Quora, a crowdsourced Q&A site that’s generally smarter than Yahoo Answers, is making a big change to how anonymity works on its service. Most notably, it will begin cracking down on spam and harassment by reviewing all anonymous content before it’s distributed on its network, the company says. Anonymous users will also no longer be able to unduly influence other aspects of the Q&A process, as anonymity will now only be supported for asking questions or sharing answers, not things like voting or commenting.
Specifically, anonymous users will no longer upvote, comment, merge questions, suggest edits, send thanks, edit answer wikis, revert edit log operations, or send answer requests. Going forward, these actions will always have a name associated with them, says Quora.
The changes were made in an effort to make anonymity work better on the site. Many people have found that being able to remain anonymous allowed them to seek out or share more personal or sensitive experiences in their questions and answers. But, the company acknowledged, “anonymity on Quora is not without its faults.”
“We have also seen the potential for anonymity to be a vector for spam and abuse,” a post on Quora’s website explains.
Another significant change is that anonymous content will now be untraceable. Before the changes, Quora’s internal system would associate user accounts with the anonymous content they would produce. That would leave a record of some kind, though not one that’s publicly exposed. This could also have hindered sharing, in some cases.
Following the changes, Quora says it will remove those existing connections in its systems, which will require users who have previously posted anonymous content to use an anonymous edit link instead. Quora also notes it’s not removing any existing anonymous content from the site as a result of the changes.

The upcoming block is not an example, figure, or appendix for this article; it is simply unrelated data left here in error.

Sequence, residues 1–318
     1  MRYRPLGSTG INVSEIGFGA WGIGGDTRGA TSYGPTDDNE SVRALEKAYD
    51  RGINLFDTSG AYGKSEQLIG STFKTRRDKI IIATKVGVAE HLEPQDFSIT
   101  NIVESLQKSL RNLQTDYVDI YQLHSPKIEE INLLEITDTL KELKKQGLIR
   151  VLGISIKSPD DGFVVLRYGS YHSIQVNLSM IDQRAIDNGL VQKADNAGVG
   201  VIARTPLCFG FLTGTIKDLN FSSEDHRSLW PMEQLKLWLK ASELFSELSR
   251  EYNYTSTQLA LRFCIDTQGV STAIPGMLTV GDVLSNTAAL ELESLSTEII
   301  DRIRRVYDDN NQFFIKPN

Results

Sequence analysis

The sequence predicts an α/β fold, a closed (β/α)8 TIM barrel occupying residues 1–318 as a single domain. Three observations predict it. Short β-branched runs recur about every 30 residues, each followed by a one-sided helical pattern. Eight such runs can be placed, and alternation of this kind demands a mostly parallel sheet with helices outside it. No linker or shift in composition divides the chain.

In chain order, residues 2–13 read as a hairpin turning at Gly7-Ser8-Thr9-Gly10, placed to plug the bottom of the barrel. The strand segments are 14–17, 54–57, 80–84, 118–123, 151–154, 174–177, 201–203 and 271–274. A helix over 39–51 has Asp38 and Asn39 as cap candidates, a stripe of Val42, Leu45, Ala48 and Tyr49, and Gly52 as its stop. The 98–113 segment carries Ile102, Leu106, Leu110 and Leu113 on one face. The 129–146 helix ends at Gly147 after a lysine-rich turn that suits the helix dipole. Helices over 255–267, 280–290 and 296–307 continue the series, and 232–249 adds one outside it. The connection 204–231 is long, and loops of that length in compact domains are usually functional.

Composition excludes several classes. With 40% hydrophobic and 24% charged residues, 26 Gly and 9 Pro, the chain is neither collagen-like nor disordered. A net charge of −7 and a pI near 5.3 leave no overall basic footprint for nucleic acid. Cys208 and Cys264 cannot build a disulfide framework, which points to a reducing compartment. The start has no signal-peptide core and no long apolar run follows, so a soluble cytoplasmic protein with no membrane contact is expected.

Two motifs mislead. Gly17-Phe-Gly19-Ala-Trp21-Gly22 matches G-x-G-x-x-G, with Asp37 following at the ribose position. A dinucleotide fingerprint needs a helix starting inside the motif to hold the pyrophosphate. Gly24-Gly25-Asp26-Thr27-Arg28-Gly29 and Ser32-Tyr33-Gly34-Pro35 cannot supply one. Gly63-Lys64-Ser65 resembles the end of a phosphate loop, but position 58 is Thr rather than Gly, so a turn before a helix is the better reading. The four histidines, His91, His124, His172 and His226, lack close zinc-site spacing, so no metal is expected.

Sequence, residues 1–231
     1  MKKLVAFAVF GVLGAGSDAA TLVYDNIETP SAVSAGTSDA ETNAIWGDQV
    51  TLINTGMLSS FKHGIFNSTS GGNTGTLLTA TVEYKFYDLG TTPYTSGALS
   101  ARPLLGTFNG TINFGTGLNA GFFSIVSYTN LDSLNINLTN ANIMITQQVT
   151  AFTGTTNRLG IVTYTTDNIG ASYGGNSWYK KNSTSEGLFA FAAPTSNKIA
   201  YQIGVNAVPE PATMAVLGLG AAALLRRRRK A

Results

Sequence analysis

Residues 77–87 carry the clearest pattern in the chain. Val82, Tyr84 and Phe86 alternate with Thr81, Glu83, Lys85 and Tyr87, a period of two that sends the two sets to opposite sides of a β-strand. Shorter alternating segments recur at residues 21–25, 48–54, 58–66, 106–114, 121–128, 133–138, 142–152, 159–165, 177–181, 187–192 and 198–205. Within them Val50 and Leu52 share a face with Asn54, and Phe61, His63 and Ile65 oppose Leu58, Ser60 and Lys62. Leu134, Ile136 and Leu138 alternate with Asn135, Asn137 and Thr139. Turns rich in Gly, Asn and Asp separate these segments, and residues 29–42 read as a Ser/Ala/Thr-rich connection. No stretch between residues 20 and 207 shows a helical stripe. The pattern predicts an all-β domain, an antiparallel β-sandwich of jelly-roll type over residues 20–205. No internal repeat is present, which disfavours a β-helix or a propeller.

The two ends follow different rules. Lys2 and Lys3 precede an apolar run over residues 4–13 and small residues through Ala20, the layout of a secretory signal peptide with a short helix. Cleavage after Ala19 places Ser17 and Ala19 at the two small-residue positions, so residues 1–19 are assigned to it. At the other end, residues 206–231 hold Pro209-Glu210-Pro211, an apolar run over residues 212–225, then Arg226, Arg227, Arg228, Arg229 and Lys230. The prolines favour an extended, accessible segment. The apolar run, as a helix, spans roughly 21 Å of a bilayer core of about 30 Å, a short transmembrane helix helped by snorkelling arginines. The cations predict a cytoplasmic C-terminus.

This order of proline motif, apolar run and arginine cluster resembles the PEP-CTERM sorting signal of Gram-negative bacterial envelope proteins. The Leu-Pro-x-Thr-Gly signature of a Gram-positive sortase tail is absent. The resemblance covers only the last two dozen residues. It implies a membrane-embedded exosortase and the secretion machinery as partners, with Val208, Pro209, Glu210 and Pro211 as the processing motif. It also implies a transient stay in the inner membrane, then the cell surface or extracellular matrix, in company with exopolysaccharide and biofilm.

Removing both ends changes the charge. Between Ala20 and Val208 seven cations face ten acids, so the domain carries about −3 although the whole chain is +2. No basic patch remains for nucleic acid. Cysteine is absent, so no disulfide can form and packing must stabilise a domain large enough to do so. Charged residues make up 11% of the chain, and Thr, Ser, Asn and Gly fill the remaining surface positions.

Many social services have struggled with how to handle anonymity over the years. There is some value in being able to share without having to attach your name, of course. On Twitter, for example, users under authoritarian regimes or those afraid of government censorship could share their thoughts more freely, or even coordinate protests. Anonymous accounts can also serve as ground zero for whistleblower-style leaks, at times.
But anonymity can also lead to online abuse, as posters emboldened by the lack of culpability can attack others with dissenting opinions, make threats, harass, and otherwise disrupt more productive conversations. Twitter has seen this, too – and it’s so bad that it may have impacted a potential Disney acquisition.
Anonymous users can be a source of spam, as well.
On a site like Quora, a site filled with crowd-sourced knowledge about things that aren’t as easily google-able, spam and abuse could mar the experience considerably. More importantly, perhaps, it could impact Quora’s ability to monetize.
The company, which has 100 million monthly visitors as March 2016, introduced advertising to its site last year. The ads, which are displayed on question pages, are meant to be relevant to the question’s content. If online abuse was permitted on the site, then advertisers may be hesitant to participate. No one wants their ad sitting alongside hate speech – just ask the over 900 advertisers who have now blocked their content from appearing on Breitbart, for example.
Quora says that the changes will go into effect on March 20, 2017.
Users who have posted anonymous content will receive an email with more details about the transition in the next few days. The site has also published a FAQ about the changes to address specific points of concern over how content is being handled.